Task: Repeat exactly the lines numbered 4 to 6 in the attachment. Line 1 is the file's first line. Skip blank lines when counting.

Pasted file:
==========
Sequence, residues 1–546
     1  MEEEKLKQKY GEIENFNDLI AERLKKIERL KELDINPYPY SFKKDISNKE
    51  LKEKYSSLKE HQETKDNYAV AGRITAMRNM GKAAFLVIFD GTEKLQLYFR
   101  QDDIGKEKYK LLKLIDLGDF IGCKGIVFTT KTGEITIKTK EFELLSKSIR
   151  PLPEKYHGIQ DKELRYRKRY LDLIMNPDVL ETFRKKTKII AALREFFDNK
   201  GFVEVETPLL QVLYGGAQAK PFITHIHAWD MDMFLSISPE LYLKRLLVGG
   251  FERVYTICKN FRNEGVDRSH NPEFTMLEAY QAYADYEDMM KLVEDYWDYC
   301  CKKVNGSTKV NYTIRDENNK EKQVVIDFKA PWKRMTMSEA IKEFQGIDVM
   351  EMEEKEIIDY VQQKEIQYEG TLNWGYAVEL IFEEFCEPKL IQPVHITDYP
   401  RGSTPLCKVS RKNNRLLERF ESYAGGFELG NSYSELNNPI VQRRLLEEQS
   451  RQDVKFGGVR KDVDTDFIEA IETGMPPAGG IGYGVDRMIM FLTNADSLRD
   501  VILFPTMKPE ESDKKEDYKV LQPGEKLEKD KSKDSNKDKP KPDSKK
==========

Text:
   101  QDDIGKEKYK LLKLIDLGDF IGCKGIVFTT KTGEITIKTK EFELLSKSIR
   151  PLPEKYHGIQ DKELRYRKRY LDLIMNPDVL ETFRKKTKII AALREFFDNK
   201  GFVEVETPLL QVLYGGAQAK PFITHIHAWD MDMFLSISPE LYLKRLLVGG